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Survey Question: Which rights can you give up?

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posted on Mar, 2 2016 @ 01:28 AM
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a reply to: centarix




The right to work. 
The right to food. 
The right to health care. 


I would "give up" these since I don't think of them as protected rights. None of them are liberty issues anyway.




posted on Mar, 2 2016 @ 01:46 AM
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a reply to: ketsuko

At the risk of dragging on your desert island example, Charlie is entirely right in that all rights are only good if society protects them. The right to property is not the same as being able to defend the bit of land you are standing on. The right to be armed is not the same as the ability to make a weapon.

All rights require a social contract, not just positive ones.



posted on Mar, 2 2016 @ 01:54 AM
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a reply to: centarix

our rights have already been gone, through the pc movement and other similar movments. I will hold on to whatever i can keep just based on principle.



posted on Mar, 2 2016 @ 05:26 PM
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None, and also, some already sliced away, BACK. The only things to give up are their alleged and hotly disputed right to rip us off, steal from us, commit fraud, lie, mismanage, and abuse us, their bosses.
edit on 2-3-2016 by Unity_99 because: (no reason given)



posted on Mar, 2 2016 @ 06:05 PM
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originally posted by: Unity_99
None, and also, some already sliced away, BACK. The only things to give up are their alleged and hotly disputed right to rip us off, steal from us, commit fraud, lie, mismanage, and abuse us, their bosses.
I believe most people give up their right to remain silent at traffic stops. If the police officer asks how your day is going, you don't remain silent on that one do you?



posted on Mar, 2 2016 @ 06:25 PM
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originally posted by: centarix

originally posted by: Unity_99
None, and also, some already sliced away, BACK. The only things to give up are their alleged and hotly disputed right to rip us off, steal from us, commit fraud, lie, mismanage, and abuse us, their bosses.
I believe most people give up their right to remain silent at traffic stops. If the police officer asks how your day is going, you don't remain silent on that one do you?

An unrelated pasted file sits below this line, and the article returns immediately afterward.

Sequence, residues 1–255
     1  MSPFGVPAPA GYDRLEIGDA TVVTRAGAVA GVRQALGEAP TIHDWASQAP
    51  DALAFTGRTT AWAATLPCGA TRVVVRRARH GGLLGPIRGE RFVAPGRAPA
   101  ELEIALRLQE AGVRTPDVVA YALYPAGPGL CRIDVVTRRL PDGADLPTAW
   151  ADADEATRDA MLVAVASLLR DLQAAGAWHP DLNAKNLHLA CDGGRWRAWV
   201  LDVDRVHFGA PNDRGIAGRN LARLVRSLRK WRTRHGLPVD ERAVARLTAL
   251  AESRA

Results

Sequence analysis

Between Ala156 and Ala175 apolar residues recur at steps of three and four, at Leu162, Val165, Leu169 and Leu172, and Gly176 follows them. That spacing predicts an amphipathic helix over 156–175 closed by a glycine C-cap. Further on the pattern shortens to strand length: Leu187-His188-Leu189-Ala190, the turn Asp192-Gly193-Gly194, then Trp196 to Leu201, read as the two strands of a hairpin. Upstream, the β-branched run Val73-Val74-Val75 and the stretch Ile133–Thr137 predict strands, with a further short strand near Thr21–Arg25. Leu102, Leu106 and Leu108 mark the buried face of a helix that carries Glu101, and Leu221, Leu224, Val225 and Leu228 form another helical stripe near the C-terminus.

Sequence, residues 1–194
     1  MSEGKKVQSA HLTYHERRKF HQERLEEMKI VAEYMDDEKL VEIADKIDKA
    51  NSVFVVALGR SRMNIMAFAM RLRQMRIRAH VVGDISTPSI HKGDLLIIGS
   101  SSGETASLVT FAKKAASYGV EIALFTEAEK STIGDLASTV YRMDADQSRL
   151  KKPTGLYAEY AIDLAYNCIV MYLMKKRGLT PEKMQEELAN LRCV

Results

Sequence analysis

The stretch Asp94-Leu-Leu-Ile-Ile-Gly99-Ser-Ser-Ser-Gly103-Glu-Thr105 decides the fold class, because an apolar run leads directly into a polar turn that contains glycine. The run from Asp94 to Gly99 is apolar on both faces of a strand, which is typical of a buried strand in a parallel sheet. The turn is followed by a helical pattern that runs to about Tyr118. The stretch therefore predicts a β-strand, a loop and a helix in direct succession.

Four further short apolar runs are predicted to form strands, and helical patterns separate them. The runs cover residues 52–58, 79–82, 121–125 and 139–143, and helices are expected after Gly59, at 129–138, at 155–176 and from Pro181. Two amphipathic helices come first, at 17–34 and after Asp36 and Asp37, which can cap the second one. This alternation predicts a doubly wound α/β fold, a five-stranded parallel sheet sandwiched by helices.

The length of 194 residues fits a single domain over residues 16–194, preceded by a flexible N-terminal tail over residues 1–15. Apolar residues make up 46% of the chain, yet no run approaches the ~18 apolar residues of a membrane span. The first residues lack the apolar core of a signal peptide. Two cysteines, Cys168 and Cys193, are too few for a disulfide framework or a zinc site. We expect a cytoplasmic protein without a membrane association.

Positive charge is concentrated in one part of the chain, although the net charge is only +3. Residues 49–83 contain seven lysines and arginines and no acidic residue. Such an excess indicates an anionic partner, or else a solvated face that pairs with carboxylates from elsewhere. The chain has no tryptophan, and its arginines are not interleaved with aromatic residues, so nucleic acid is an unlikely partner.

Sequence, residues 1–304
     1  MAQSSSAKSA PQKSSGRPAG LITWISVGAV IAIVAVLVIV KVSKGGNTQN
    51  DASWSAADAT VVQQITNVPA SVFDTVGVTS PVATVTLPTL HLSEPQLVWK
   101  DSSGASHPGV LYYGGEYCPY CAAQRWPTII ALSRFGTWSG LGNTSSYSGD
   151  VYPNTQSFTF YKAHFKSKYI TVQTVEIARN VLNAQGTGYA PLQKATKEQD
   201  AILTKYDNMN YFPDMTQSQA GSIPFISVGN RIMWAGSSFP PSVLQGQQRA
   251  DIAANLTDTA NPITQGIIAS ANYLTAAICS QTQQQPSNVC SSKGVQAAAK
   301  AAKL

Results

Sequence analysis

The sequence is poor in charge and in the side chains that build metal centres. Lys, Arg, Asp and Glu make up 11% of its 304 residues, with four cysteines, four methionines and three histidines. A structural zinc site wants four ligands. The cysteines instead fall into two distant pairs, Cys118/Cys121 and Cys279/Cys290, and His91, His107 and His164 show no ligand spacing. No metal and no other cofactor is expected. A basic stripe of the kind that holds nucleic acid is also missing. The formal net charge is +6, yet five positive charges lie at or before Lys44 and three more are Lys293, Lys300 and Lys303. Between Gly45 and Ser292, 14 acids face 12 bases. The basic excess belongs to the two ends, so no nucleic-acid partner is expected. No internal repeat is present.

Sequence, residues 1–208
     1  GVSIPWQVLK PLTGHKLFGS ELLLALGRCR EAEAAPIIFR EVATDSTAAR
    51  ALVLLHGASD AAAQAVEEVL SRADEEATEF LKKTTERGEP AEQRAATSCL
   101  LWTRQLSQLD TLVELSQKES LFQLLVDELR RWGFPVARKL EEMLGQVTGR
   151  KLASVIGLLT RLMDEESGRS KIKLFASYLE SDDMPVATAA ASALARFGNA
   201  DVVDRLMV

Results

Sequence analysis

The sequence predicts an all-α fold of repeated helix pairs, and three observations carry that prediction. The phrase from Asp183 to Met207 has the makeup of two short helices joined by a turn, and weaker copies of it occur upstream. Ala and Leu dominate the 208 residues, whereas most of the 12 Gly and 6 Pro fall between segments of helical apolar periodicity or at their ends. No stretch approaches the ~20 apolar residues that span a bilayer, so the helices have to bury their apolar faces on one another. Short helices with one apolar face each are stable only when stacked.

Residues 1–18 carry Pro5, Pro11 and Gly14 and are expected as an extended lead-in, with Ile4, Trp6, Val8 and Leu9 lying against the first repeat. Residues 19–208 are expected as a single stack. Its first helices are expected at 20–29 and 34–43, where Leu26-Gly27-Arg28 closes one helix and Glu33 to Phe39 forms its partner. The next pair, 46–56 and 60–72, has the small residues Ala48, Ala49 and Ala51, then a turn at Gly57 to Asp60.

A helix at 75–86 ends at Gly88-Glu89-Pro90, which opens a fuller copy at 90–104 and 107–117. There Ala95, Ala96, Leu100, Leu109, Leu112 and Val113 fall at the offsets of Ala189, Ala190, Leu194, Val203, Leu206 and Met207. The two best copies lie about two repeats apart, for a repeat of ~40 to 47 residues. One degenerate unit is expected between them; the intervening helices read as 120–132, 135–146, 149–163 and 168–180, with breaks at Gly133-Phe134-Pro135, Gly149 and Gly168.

I always just speak naturally as if I'm talking to a person that is doing his job, and try to be helpful. However if one of them ever asks me, "do I understand" would reply, no I do not stand under you, you're my direct employee, and I'm one of the collective citizen employers of all that is. You stand under me, so hope you're having a good day and all is well!"

As long as the person, whether police, teacher, government official, whomever you are dealing with, is doing something correctly, admirably, etc, then being helpful is always the right thing to do. Trying to assist those in need, including those doing their jobs. Some of their jobs are probably stressful. Making things as pleasant as possible is always good, good in doctor's offices too. But if they're standing on the wrong side of the fence and trying to act in a rogue capacity, you need to be polite, but not follow bad orders.
edit on 2-3-2016 by Unity_99 because: (no reason given)



posted on Mar, 2 2016 @ 09:44 PM
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I don't understand the right to work. You have a right to a job? What about your pay threshold? Can you force that upon a company? What about the American way of entrepreneuring for work? I shouldn't be forced to hire some turd that is going to bring by business down. Injury on the job is THE major problem I have and have to protect myself from. Some people are just not fit to work to help make a business profitable.



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